A disappointment. So far I've taken two courses and in both cases I was left with the feeling that I was in it completely alone. COMP200 Introduction to Computing and Information Systems (revision 6) used a mediocre textbook and a handful of make-work projects. The design of the course encouraged minimal interaction with other students (but that's more than its follow-up course). The overall difficulty of the course was probably on the easier side for a first year, introductory course. What was disappointing is that so little thought has gone into encouraging students to engage with each other (other than through trivial, post your thoughts on x, y or z posts). And, there was hardly any tutor/instructor presence. They're now onto revision 7 which includes a much better textbook. If you're in need of an intro to computer studies (not programming!) this is an adequate course. People complaining this is a hard course or the tutors are hard markers probably submitted mediocre work. It was surprising to me to see the crap that people were prepared to post in the forums for their mandatory 'participation' assignments. I'd be plain and simple embarrassed. If the quality of their work was anything to go by, I wouldn't be surprised if they submitted really poor quality assignments too and didn't bother studying. COMP268 Introduction to Computer Programming (Java) (revision 11). All this course was was read the first half of the textbook. There's NO interaction with other students. There's hardly any interaction with the tutors/course coordinator and there's definitely no one even resembling a prof. In terms of difficulty, I'd rate this as a medium 2nd year university course. Not particularly easy. Not particularly hard. Disclosure: I did very well in both courses and am very glad I didn't do my undergraduate degree at Athabasca. What a joke! Overall I've got to say I was disappointed by the process and courses. Tuition for a Canadian university pays for access to experts in their fields. There were no experts to be seen for miles. Getting in touch with the tutors and instructors was an exercise in futility. I'm still debating whether to take any more courses through Athabasca. Tragically they're the only provider of computer science courses on-line in Canada. If that weren't the case I would be somewhere else in a heartbeat. Somewhere where I could feel like I'm learning and could learn from my peers and from the professors. PS I ranked teachers a one because I didn't EVER see a teacher in both courses I took. Not once. Even technology could be considered mediocre at best. These two courses failed to use IT in any meaningful way. Assignments were trivial and there was NO PRACTICE ANYWHERE. The free courses offered by Coursera and Udacity were MUCH better. They actually used such things as on-line program checkers and student feedback to provide feedback. Want to LEARN, got to another institution. Want a credit, go to Athabasca U. I'm stuck between a rock and a hard place. I desperately want to learn but this is the only option to get credits given where I live (I don't have access to universities where I live).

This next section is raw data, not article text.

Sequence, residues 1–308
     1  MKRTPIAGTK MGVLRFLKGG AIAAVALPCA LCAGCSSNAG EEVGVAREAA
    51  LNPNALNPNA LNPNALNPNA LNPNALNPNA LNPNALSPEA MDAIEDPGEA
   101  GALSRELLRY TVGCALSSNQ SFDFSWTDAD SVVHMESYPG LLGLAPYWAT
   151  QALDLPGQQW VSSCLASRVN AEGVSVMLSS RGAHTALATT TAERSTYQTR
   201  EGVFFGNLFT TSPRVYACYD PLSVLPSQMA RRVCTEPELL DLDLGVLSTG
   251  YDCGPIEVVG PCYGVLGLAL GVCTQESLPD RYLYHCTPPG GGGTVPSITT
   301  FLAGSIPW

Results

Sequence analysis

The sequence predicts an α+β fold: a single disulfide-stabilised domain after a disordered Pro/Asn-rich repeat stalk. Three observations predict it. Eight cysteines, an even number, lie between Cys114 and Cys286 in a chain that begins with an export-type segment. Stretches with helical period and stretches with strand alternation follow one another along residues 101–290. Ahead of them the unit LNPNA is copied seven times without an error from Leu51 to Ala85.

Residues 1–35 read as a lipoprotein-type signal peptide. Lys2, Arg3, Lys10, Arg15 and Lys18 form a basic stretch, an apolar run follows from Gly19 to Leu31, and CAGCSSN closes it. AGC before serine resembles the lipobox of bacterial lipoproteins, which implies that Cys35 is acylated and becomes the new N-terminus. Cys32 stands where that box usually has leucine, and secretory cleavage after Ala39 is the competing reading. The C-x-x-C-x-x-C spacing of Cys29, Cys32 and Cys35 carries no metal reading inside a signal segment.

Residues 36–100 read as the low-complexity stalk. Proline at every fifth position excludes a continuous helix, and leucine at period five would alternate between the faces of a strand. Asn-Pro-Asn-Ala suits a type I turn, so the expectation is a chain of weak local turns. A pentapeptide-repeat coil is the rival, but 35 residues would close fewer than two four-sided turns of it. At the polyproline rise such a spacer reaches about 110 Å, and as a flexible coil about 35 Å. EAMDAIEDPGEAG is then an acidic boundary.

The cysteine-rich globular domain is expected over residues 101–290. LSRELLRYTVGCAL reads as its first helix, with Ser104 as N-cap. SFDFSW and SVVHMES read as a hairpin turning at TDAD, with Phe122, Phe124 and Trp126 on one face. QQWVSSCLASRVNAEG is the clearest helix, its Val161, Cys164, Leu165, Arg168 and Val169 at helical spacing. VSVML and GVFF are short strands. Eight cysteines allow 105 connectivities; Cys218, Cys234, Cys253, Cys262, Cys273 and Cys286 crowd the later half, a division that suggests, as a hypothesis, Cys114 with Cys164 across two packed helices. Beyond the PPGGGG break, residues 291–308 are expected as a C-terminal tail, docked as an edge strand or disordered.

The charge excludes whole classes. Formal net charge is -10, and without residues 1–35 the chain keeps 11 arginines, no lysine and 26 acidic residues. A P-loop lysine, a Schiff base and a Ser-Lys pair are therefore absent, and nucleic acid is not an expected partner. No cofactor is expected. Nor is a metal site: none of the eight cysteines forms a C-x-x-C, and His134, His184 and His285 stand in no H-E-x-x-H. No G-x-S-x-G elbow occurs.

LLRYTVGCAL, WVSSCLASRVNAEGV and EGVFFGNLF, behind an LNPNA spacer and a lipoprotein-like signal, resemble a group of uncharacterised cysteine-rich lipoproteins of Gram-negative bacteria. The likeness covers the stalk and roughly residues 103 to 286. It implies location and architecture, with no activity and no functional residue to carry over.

2 of 2 people found the following review helpful
Only as a last resort
Undeclared - October 23, 2015
I've only taken one course from Athabasca University however, it left me highly disappointed. The lessons at first glance appeared organized, yet I quickly learned this was not the case; ex)Lesson 3 assignment questions were based on material covered in lesson 5, labs were out of order etc. (though the library kits were excellent). The Tutor was unapproachable. I never was able to reach him during his set office hours, which is unheard of at the other post secondary institution I've completed programs at. If my experience with this course is a representation of the quality of education offered through Athabasca University, I would not recommend their programs.
1 of 2 people found the following review helpful
Lots of work, but worth it